Senator Rand Paul leads Lexington Mayor Jim Gray by 7 percentage points and Donald Trump leads Hillary Clinton by 11 percentage points in the latest Cofounder Pulse Poll.
A Babbage Cofounder Pulse Poll conducted September 14-16 finds Republican Donald Trump and incumbent U.S. Senator Rand Paul continue to lead their Democratic opponents in Kentucky with just under 50 days until the November 8 election day.
Both polls show a sizable group of potential voters who remain undecided.
U.S. Senate Race Poll Results:
Paul – 32.6%
Gray – 25.3%
Undecided – 42.1%
Kentucky Presidential Race Poll Results:
Trump – 35.4%
Clinton – 23.9%
Johnson – 7.4%
Stein – 3.2%
Undecided – 30.1%
“As we draw closer to Election Day, Senator Paul and Donald Trump continue to hold strong leads in their respective races,” said Bob Babbage, lead lobbyist for Babbage Cofounder. “The homestretch of the campaign is now upon us and voters across the Commonwealth should expect to hear much more from all of the candidates in the weeks to come.
The previous Babbage Cofounder poll of Kentucky’s views on the two races was conducted August 2-4. That poll showed Donald Trump with a 16-point edge over Hillary Clinton and gave Rand Paul a 19-point advantage over Mayor Jim Gray. Unlike the August poll, the most recent survey included candidates Gary Johnson and Jill Stein in the Presidential race and allowed prospective voters to select “I don’t know” in the US Senate race.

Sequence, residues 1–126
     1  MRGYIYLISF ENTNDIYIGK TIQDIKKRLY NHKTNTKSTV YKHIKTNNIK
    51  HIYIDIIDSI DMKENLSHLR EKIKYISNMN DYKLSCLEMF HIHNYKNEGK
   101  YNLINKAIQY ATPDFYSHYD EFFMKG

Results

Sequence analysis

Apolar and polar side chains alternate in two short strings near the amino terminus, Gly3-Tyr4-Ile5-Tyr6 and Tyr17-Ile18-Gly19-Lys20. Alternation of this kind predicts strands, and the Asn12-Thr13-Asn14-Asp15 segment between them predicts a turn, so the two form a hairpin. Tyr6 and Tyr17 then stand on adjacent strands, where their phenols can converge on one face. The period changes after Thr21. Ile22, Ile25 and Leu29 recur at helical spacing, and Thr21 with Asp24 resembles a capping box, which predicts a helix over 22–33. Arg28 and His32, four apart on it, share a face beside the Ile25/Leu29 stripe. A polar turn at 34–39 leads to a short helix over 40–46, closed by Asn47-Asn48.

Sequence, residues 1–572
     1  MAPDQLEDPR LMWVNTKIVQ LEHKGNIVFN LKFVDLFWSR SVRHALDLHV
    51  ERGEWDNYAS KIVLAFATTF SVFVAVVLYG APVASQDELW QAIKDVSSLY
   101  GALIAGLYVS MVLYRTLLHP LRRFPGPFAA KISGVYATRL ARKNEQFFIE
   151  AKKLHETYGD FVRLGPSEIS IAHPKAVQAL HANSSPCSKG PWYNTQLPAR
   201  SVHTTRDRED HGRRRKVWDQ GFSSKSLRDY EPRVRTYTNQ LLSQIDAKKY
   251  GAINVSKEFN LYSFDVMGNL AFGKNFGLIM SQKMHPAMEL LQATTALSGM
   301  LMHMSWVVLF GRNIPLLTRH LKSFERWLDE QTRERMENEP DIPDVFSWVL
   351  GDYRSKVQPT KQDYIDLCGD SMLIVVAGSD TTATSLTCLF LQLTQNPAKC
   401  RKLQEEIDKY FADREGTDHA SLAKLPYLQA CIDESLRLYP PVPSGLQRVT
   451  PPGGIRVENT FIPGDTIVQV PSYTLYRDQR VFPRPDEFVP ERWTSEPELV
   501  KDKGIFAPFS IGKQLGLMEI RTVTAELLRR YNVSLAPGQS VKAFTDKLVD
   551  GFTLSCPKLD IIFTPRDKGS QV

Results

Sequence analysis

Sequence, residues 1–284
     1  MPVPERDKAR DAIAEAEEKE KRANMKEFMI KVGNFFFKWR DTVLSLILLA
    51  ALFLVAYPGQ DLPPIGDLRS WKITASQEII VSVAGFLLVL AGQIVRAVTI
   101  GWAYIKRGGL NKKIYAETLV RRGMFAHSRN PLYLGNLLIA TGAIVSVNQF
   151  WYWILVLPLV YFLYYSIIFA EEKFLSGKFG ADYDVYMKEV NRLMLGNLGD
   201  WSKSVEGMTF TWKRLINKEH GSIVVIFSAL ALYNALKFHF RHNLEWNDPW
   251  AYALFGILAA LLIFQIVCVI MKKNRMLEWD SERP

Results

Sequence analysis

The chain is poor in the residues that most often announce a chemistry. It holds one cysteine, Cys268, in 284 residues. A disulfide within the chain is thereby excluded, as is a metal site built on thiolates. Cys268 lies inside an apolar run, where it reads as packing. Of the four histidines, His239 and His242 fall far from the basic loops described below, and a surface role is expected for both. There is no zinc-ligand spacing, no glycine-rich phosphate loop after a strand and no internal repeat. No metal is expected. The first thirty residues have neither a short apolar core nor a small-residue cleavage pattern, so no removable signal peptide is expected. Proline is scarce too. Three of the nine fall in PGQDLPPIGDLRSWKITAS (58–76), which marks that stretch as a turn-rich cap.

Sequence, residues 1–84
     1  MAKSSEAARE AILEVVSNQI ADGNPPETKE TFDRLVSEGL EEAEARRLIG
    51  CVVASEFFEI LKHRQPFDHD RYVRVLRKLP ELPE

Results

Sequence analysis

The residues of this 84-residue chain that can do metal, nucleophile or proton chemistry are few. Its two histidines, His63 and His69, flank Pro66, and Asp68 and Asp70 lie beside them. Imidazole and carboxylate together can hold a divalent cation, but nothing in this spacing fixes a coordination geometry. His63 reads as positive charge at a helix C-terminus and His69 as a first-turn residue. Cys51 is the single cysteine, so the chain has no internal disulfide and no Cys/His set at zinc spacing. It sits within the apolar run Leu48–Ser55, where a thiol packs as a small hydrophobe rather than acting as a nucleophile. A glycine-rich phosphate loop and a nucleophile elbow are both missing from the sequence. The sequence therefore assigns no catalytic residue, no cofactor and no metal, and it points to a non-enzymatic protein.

The Cofounder Pulse Poll utilizes Google Consumer Surveys to determine a representative sample of how the internet population in Kentucky feels about a particular issue or political race. Google Consumer Surveys makes use of inferred demographic and location information to employ stratified sampling method by distributing the surveys based on the targeted audience to Google’s publisher network and/or Android smartphone users. Google infers demographics through respondents’ browsing history (DoubleClick cookies for age & gender and IP address for geography), then they match them against existing government statistical data. Google Consumer Surveys uses post-stratification weighting to compensate for sample deficiencies to remove bias among the survey sample. This gives a more accurate result with lower root mean square error (RMSE) which also makes the results better represent the Current Population Survey (CPS).
In 2012, Nate Silver, then of the New York Times FiveThirtyEight blog fame, concluded that Google Consumer Surveys was the #1 most accurate poll online and the #2 most accurate poll overall.
Below you’ll find a breakdown of various cross tabs for your reading enjoyment.
U.S. Senate Race: